Condition—The S. wall of chancel leans outwards considerably, but is apparently safe and is held by one iron tie-rod; the chancel arch has spread; the clunch dressings, etc., are decaying in some places. The walls of the chapel are very damp.
(2). Dorney Court, E. of the church, is a large house of two storeys, built c. 1510, of brick and timber, much altered in the 18th century, and carefully restored in the 20th century as far as possible to its original condition. The roofs are tiled.
The house is a fine example of a domestic building of early 16th-century date, and retains the great hall with the screens and dais. The chimney stacks, the stone fireplaces, and some original doorways are the most interesting details.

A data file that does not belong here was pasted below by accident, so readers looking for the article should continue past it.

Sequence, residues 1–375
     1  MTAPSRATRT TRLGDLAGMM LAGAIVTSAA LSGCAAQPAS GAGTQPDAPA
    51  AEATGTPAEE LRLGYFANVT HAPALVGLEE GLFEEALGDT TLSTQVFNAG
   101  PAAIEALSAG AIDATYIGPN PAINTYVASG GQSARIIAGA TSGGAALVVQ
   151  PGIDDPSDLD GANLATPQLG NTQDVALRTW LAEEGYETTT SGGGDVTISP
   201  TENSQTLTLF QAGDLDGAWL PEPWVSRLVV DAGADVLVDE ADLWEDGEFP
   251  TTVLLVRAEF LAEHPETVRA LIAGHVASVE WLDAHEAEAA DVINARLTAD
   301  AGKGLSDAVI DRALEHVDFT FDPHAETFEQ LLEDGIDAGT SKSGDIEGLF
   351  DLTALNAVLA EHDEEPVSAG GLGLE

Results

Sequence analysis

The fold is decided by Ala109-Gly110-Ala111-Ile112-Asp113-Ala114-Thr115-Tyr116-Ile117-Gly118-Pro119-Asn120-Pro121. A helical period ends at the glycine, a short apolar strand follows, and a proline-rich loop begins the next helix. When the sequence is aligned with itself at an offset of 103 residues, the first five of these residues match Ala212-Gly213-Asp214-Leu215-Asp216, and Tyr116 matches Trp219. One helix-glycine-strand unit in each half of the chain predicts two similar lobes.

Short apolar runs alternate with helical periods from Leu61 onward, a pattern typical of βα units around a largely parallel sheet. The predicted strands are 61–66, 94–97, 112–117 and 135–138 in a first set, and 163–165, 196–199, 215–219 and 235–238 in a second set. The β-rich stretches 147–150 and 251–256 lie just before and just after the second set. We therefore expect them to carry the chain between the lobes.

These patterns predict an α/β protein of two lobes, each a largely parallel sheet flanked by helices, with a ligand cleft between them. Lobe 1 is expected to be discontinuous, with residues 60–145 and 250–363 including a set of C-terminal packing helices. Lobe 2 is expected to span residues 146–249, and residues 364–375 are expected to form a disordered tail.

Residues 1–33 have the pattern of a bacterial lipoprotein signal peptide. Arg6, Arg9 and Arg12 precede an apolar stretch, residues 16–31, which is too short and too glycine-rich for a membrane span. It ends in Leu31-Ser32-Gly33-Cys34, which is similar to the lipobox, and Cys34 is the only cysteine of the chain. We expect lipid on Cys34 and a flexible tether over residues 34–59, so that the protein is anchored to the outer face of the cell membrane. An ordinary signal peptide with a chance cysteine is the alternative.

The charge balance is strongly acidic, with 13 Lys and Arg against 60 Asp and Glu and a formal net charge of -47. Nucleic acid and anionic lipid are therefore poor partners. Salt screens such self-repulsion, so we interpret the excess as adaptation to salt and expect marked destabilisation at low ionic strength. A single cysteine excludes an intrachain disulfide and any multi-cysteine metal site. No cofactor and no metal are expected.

The plan consists of an L-shaped building, with the wings extending towards the N. and W., attached at the W. end to the N.E. corner of a square block which encloses a small courtyard; part of the square block formerly extended considerably further towards the S. and there was apparently a small additional wing E. of the courtyard; the S.W. half of the block is almost entirely of the 18th century or modern, and in the angle between the wings of the L-shaped block is a modern addition. Other buildings which originally surrounded the house, including a wall with turrets and a gatehouse on the N., have all been removed. The W. wing of the L-shaped building contains the great hall, with screens and dais, and the library; the E. entrance lobby, the main staircase and a parlour are in the N. wing; the dining room, boudoir, kitchen, etc., are in the square block. The E. Elevation has, in the middle, a gabled two-storeyed porch with a bay of shallower projection on each side; at the S. end of the elevation is an oriel window under a gable, and at the N. end a square bay window. The walls are of original thin bricks, with a diamond pattern picked out in blue bricks, and ornamented near the S. end by a row of small narrow panels with plastered backs and sunk spandrels, under a depressed arch; the upper storey and gables of the projecting parts are timber-framed, with brick filling, recently restored. Some of the old timber-framing and the oak oriel window on the first floor of the porch were brought from elsewhere. The outer entrance of the porch has old posts and a modern four-centred head, the inner doorway has a four centred head with sunk spandrels, partly restored, and the door is of old studded battens. On the N. side of the inner doorway is a 15th-century oak window, and the carved beam over window and doorway is probably of the same date, all brought from elsewhere. The seats inside the porch have early 17th-century panelled backs, and the ceiling has plastered panels with moulded oak ribs. A chimney stack near the S. end of the elevation has an octagonal moulded base with cinque-foiled panels; the shaft is star-shaped on plan, with oversailing courses at the top; a similar stack near the N. end is apparently not original. Two lead rain-water heads are of the 17th century. The lower storey of the N. Elevation, W. of the modern addition, is of early 16th-century brick, but towards the W. end a straight joint shows where the wall originally ended; the material, including that of the gable, W. of the joint, was brought from another part of the house; the upper storey, with three gables, is of closely spaced timbers resting on a deep moulded beam, with brick filling of basket-work pattern, original except where it was destroyed by the bonding of an 18th-century brick facing, now removed; on the first floor the oriel window at the W. end is original, and supported by two curved brackets with sunk spandrels; the soffit is carved; the easternmost gable is partly cut off by the 19th-century addition, and above it is an original chimney stack with a shaft similar to those on the E. elevation. In the modern addition between the wings is re-set the original N. doorway of the screens, with a four-centred head and carved spandrels showing traces of colour; the door is of studded battens with a frame of four panels; the strap-hinges, etc., are original; two of the windows are old, but were brought from elsewhere. The N. wing has projecting bays on the N. and W. sides, and the N.W. corner forms part of an octagon on plan; the gables of both walls are brought out flush with the bays, and some of the soffits thus formed between the bays are vaulted with wood and plaster, partly restored; at the first floor level on both walls is a moulded wood cornice, partly restored on the N. side; on the W. side are three original single-light windows, with moulded brick jambs and four-centred heads, plastered to represent stone. The S. Elevation is almost entirely of brick, but the upper part of the gable at the E. end shows original timber-framing with brick filling; the windows have been restored. The other elevations are of the 18th century or modern.